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323d

Self-Diffusion of Alcohols and Water/alcohol Mixtures In Single-Walled Aluminosilicate Nanotubes

Ji Zang1, Suchitra Konduri2, Sankar Nair1, and David S. Sholl3. (1) School of Chemical & Biomolecular Engineering, Georgia Institute of Technology, 311 Ferst Drive NW, Atlanta, GA 30332, (2) School of Chemical and Biomolecular Engineering, Georgia Institute of Technology, 311 Ferst Drive NW, Atlanta, GA 30332-0100, (3) Georgia Institute of Technology, School of Chemical & Biomolecular Engineering, 311 Ferst Drive, N.W., Atlanta, GA 30332-0100

Understanding transport phenomena of fluids through nanotubes is of great interest in order to enable potential application of nanotubes as separation devices, encapsulation media for molecule storage and delivery, and sensors, among other applications. Single-walled metal oxide nanotubes are unique and attractive candidates for the above applications as they present a well-defined solid-state structure, precisely tunable length and diameter, as well as a hydrophilic and functionalizable interior for tuning transport and adsorption selectivity. Recent studies on water transport in single-walled aluminosilicate nanotubes have shown that the transport mechanism is governed by fast Fickian diffusion with diffusivities approaching bulk water diffusivity. Here, we study the transport properties of relatively less polar molecules (i.e. methanol and ethanol) as well as water/methanol and water/ethanol mixtures to investigate the influence of liquid-liquid and liquid-surface interactions as well as the effects of competitive transport of different molecules through the nanotubes.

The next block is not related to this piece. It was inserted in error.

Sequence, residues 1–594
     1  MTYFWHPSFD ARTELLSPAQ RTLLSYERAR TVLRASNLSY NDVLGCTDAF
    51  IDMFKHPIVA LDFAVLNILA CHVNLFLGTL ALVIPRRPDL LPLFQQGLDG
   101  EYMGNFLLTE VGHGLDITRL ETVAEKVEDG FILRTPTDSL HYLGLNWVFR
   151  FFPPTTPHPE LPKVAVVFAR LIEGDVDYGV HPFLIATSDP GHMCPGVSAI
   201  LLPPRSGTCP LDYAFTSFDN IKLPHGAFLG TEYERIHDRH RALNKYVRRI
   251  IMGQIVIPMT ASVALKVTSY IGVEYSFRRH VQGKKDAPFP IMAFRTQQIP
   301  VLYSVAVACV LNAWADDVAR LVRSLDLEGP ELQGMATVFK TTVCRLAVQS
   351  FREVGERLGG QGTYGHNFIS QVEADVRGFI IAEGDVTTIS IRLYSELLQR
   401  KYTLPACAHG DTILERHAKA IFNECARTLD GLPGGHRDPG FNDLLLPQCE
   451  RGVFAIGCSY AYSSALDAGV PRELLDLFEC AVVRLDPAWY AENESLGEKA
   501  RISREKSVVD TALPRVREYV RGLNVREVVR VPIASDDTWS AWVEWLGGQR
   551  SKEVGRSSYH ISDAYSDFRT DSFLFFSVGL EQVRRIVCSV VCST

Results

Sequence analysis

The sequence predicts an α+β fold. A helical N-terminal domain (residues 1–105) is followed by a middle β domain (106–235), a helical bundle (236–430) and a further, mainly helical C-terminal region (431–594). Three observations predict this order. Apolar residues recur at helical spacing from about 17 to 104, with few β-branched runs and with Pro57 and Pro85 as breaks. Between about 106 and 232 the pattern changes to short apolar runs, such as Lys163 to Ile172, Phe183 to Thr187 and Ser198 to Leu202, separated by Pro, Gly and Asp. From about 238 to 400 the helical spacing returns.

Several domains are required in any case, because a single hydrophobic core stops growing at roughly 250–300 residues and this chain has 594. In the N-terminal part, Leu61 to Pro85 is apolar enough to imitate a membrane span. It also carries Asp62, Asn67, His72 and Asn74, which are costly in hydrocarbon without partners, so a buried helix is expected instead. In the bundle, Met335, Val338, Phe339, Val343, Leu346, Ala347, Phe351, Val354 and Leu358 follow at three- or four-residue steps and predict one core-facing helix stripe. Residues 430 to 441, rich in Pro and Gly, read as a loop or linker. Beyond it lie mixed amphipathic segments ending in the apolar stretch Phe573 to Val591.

We first employ molecular dynamics (MD) simulations to calculate the axial pure-component self-diffusivities of water, methanol, and ethanol molecules through the aluminosilicate nanotubes at different loadings (ranging from near infinite dilution to near-saturation). The diffusivities for all the three species decreased with increase in loading and were comparable to bulk liquid diffusivities at low molecular loadings, supporting the possibility of attaining high molecular fluxes through the nanotubes. We also study the diffusion of water/methanol and water/ethanol mixtures as a function of mixture composition and examine the possibility of selective transport of molecular species in the present nanotubes. Furthermore, we investigate the dependence of diffusivity on the nanotube diameter and discuss the possibility of tuning the transport properties of the nanotubes for application as nanofluidic components/devices.